gra-dult-hood n.

1. A stage in life between graduation and adulthood.
2. Gradulthood often involves jobs that don't fulfil a graduate's expectations.
3. A term coined during the recession.

Youth in revolt (by Chris Metcalfe)

This week we have a new guest writer, and he goes by the name of Chris Metcalfe:

'Cometh the New Year, cometh a new guest writer. As yet another product of the (in)famous University of Leeds Geography class of 2009, I become the third (or fourth?) to feature on the Gradulthood front page and like my brothers in arms I also seem to have no ideas on my future path through life. It almost seems ironic that a group of Geography graduates should have absolutely no sense of direction when it comes to careers! If John O’Shea did a degree it would almost certainly be in Geography, what with his uncertainty over which position he plays.

I’m currently working as a Project Manager for a translation company. “What languages do you speak?” I hear you ask. The answer is none; I’ve relied on street smarts and killer instinct to get by. Don’t get me wrong, I’ve got a solid B at French GCSE and three years of Latin under my belt, but in all honesty, how far is Caecilius est in hortus (Caecilius is in the garden) going to get you? Get out of the garden Caecilius and get on! In order to avoid writing the most morbid debut piece ever let’s try and focus on the positives for a second. As fresh faced Gradults we’re young and have time on our side. I’ve forecasted another 45 years of work ahead of me, make it 50 under the current government so why the panic about finding a career? I’m quietly riding out the Credit Crunch, slowly acquiring a few skills along the way. We’re young and mobile labour, it’s the older generation that are in trouble – if you’re over 35 and reading this then I’m sorry but you’re on your own! You need a fallback and quick.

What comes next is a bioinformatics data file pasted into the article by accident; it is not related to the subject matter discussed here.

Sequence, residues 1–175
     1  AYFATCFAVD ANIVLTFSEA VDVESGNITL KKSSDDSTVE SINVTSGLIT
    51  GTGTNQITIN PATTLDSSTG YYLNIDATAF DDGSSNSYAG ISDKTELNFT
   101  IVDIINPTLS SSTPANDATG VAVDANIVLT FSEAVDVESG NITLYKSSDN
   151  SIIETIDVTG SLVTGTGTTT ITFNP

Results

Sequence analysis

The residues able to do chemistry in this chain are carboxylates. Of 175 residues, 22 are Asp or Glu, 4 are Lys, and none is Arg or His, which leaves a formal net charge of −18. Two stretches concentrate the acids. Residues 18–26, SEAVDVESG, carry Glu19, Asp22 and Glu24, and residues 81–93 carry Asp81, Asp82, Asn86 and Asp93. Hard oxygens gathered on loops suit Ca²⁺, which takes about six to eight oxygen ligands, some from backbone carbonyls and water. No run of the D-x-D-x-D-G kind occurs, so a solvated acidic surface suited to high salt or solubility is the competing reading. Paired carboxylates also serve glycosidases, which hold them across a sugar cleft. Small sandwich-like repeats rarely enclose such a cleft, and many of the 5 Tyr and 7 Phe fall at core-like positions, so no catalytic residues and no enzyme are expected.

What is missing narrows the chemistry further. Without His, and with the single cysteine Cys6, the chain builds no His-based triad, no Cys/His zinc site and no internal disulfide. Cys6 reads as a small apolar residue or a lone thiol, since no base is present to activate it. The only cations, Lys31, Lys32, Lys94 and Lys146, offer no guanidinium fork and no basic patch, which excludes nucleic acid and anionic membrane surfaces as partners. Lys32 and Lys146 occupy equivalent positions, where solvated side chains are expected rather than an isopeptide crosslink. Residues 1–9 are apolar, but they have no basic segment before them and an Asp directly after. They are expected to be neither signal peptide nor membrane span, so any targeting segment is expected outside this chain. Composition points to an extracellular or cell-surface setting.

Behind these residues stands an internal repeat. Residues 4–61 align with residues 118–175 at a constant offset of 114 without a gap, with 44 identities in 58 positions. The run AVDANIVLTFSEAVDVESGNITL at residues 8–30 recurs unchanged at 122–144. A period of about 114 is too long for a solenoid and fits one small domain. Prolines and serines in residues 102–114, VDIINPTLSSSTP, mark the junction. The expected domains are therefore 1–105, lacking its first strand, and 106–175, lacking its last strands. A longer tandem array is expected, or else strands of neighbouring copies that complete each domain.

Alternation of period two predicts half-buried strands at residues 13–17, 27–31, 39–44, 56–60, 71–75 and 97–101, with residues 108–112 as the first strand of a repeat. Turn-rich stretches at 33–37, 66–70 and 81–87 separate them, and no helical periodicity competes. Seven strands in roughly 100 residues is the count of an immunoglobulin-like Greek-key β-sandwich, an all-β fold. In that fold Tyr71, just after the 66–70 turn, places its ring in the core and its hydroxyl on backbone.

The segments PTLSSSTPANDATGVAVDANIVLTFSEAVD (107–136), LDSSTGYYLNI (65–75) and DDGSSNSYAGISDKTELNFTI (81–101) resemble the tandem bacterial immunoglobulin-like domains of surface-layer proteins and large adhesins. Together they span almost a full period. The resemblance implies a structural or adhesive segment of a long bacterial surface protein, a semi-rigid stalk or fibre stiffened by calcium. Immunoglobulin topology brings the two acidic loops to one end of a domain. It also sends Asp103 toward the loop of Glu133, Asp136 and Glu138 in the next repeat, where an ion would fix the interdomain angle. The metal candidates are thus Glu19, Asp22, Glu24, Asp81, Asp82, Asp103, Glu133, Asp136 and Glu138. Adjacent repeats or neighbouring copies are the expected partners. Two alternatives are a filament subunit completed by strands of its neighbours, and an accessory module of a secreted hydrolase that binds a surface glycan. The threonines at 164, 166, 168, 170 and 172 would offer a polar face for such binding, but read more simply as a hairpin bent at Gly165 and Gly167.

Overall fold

Take three of the finest men in football for instance: Gary Neville, Paul Scholes and Ryan Giggs. They are all soon to retire from the professional game, swapping the sanctity of Old Trafford for a cold and unforgiving economic climate. The question I’m asking is this…Have they got a fallback? We’ll start with Gary. I read somewhere that on retirement he’s due to promptly relocate to Merseyside and become an overly officious traffic warden…he’ll be fine. Paul Scholes on the other hand I worry for. From what I’ve seen the ginger wizard struggles to learn new skills. This is a man who’s been in the game for 20 years and STILL can’t tackle. What chance as he got picking up a new career…he’s not got the presenting flair of Dean Windass or the business acumen of Dion Dublin to fallback on! As for Ryan Giggs, I think we’ve all just accepted that he will play forever. He’s become one of those constant fixtures in life…Clarkson on Top Gear, Barlow on Coronation Street, Channel 5 on sub-standard programming! Having said that, Giggs has come out this week declaring his interest in a Wales coaching role. Come on Ryan, things will never get so bad that you have to go back there! Classic example of a Credit Crunch panic!

So next time you’re fretting about life and the Credit Crunch is getting you down – relax, get your head down and wait for her to blow over. There are people worse off! If you read this literally, I guess I’m making the point that the true victims of the Credit Crunch are retiring footballers!?! If you dig a little deeper however, you’ll uncover the true message of this musing. It’s the ageing, immobile and over specialised pool of labour that are taking the economic crisis on the chin. Sure, we’re feeling the pinch but with few commitments or responsibilities we can adapt to anything…like John O’Shea!'

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